Only quick thinking by Ted Spry, the groundsman, prevented damage to the pitch. Seeing things were turning nasty, he roped off a strip well away from the one proposed for the game and a number of spectators took out their fury on that. This meant the match was able to start on time the next day.

Back at the pavilion the scene was growing increasingly unpleasant, even though the authorities had tried to placate the crowd by announcing that free passes would be handed out to allow them to return the next day. The players had to wait for the police to arrive to ensure they could leave the pavilion safely. Grace and Sussex's captain, his old friend Billy Murdoch, "only safely reached the cab awaiting them through police protection", reported the Times, and both teams were "manhandled and jeered". The Guardian noted that they only got to the cab "with considerable difficulty".

The next day play started on time "although the ground showed many traces of Monday's disorderly proceedings". Jessop added that the area roped off by Spry "was not good to look at".

Fry rubbed salt into the wounds of those who took up the offer of the free pass by scoring a patient 109 before the rain came. By the end he had been partially forgiven, however, and he was "heartily applauded". On the third day, batting on a wet pitch, Gloucestershire were bowled out for 121 and 77.

Martin Williamson is executive editor of Cricinfo and managing editor of ESPN Digital Media in Europe, the Middle East and Africa

RSS Feeds: Martin Williamson

© ESPN Sports Media Ltd.

FeedbackTop
Email Feedback Print
Share
E-mail
Feedback
Print
Martin WilliamsonClose
Martin Williamson Executive editor Martin Williamson joined the Wisden website in its planning stages in 2001 after failing to make his millions in the internet boom when managing editor of Sportal. Before that he was in charge of Sky Sports Online and helped launch and run Sky News Online. With a preference for all things old (except his wife and children), he has recently confounded colleagues by displaying an uncharacteristic fondness for Twenty20 cricket. His enthusiasm for the game is sadly not matched by his ability, but he remains convinced that he might be a late developer and perseveres in the hope of an England call-up with his middle-order batting and non-spinning offbreaks. He is now managing editor of ESPN EMEA Digital Group as well as his Cricinfo responsibilities.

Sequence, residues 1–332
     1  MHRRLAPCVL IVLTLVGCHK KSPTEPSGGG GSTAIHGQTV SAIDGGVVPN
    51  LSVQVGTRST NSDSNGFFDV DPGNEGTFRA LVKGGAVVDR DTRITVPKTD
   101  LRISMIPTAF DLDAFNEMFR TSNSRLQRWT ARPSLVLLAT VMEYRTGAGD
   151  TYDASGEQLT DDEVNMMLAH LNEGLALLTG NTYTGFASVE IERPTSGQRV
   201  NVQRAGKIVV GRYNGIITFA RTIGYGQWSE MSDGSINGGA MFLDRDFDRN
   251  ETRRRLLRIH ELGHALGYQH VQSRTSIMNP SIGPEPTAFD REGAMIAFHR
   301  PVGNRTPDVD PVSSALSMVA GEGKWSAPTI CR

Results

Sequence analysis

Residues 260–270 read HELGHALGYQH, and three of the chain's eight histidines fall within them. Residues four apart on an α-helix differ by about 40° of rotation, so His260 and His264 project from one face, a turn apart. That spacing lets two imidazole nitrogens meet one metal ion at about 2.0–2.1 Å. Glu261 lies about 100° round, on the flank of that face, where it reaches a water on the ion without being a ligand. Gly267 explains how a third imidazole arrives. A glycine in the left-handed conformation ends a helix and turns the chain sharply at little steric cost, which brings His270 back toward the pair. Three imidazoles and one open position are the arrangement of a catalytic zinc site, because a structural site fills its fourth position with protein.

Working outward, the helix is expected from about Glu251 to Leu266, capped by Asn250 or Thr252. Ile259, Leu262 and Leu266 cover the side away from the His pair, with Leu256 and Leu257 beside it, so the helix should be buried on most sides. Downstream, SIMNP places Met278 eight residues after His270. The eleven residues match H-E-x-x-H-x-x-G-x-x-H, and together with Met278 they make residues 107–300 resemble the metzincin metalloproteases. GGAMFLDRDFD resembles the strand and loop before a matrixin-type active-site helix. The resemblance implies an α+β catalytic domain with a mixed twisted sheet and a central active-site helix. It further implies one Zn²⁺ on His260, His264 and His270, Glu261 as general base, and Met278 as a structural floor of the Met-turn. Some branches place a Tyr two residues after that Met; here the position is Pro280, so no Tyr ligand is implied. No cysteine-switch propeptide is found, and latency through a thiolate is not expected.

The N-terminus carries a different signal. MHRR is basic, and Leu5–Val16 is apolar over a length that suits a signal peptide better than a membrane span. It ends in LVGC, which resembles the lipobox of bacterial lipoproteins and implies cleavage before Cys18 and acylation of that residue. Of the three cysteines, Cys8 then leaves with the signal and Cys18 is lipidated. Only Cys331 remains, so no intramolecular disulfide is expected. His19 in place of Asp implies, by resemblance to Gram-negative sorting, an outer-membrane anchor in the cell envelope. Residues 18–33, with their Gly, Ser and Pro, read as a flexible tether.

An all-round ODI giant

Numbers Game: Few players can boast the sort of numbers that Jacques Kallis achieved in ODIs

    Is being bowled out by Moeen embarrassing?

Polite Enquiries: Is Rahane India's Misbah? Should Rohit be dropped? Jarrod Kimber and George Dobell discuss

    'We were determined to prove we were not an average team'

Former South Africa wicketkeeper Dave Richardson remembers his favourite moment from the Lord's win in 1994

    'A test of Kohli's mental strength'

Bowl at Boycs: Geoffrey Boycott on Kohli's recent form, and Cook's captaincy

How does one 'lead by example'?

Alex Bowden: A captain needs to do enough as an individual to retain respect and control, but exceptional performances may not result in even greater influence

News | Features Last 7 days

The woeful world of Pankaj Singh

Pankaj Singh greeted his most expensive analysis in Test history with the words 'That is cricket'. It was admirable acceptance from an impressive man of a record he did not deserve

Bhuvneshwar on course for super series

Only 15 times in Test history has a player achieved the double of 300 runs and 20 wickets in a Test series. Going on current form, Bhuvneshwar could well be the 16th

Ugly runs but still they swoon

Alastair Cook did not bat like a leading man but the crowd applauded him for simply not failing

Boycott floored by an Indian trundler

When Eknath Solkar got under the skin of Geoff Boycott, leading to a three-year self-imposed exile from Test cricket

Worst keepers, and honours at Lord's

Also, most keeping dismissals on debut, seven-for at HQ, and youngest ODI centurions

News | Features Last 7 days
Sponsored Links

Why not you? Read and learn how!